Prion diseases are zoonotic infectious diseases caused by infectious particles, termed prions. Main component of prions is presumably a misfolded, partially protease-resistant conformer (PrPSc) of a normal cell surface protein, the cellular prion protein (PrPC), whose anti-oxidative role is presumed by studies using prion protein (PrP)-knockout mice and cell lines. Major common features of prion diseases are PrPSc deposition, astrocytosis, and vacuolation, but the presence of these features and transmission route are dependent on the combination of prion strain and host species. Generally, prions replicate first in the lymphoreticular system, although the presence of PrPSc within lymphoid tissues seems to be dependent on factors such as route of prion exposure or type of prion strain. After that, prions travel to the brain via neuronal pathways along peripheral nerves, where their conversion leads to the accumulation of PrPSc and a deficiency of PrPC, contributing etiologically to the death of neurons including apoptosis and autophagy. In this review, we provide an overview of current information on PrPC and PrPSc as well as their involvement in the pathogenesis of prion diseases.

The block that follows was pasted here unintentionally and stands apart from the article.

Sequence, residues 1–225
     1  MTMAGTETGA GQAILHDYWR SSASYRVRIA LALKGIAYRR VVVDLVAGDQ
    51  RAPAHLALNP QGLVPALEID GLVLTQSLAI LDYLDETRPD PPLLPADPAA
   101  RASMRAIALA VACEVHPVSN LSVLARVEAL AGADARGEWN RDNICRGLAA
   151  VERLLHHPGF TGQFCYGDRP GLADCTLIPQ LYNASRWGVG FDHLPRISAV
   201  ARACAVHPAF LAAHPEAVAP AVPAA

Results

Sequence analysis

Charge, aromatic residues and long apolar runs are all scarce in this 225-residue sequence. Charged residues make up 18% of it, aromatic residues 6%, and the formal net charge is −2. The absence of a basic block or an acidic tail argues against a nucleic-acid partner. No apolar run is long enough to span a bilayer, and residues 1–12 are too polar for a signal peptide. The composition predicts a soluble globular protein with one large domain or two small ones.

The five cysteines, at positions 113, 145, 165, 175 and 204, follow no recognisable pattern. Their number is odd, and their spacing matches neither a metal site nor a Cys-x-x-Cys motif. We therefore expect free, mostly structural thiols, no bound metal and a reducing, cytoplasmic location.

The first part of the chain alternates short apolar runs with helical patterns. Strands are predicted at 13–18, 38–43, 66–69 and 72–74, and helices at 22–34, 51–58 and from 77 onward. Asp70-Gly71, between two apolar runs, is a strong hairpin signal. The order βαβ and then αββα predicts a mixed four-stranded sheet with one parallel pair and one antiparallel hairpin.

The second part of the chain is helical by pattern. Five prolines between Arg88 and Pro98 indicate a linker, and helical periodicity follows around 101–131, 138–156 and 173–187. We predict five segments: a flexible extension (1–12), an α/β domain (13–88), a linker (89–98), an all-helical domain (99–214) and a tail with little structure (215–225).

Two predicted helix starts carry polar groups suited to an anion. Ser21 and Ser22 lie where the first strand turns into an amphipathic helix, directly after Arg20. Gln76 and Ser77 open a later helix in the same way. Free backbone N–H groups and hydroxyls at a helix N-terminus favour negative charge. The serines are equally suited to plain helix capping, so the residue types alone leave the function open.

Keywords: Anti-oxidation, apoptosis, autophagy, oxidative stress, prion disease, prion protein, reactive oxygen species, transmissible spongiform encephalopathy
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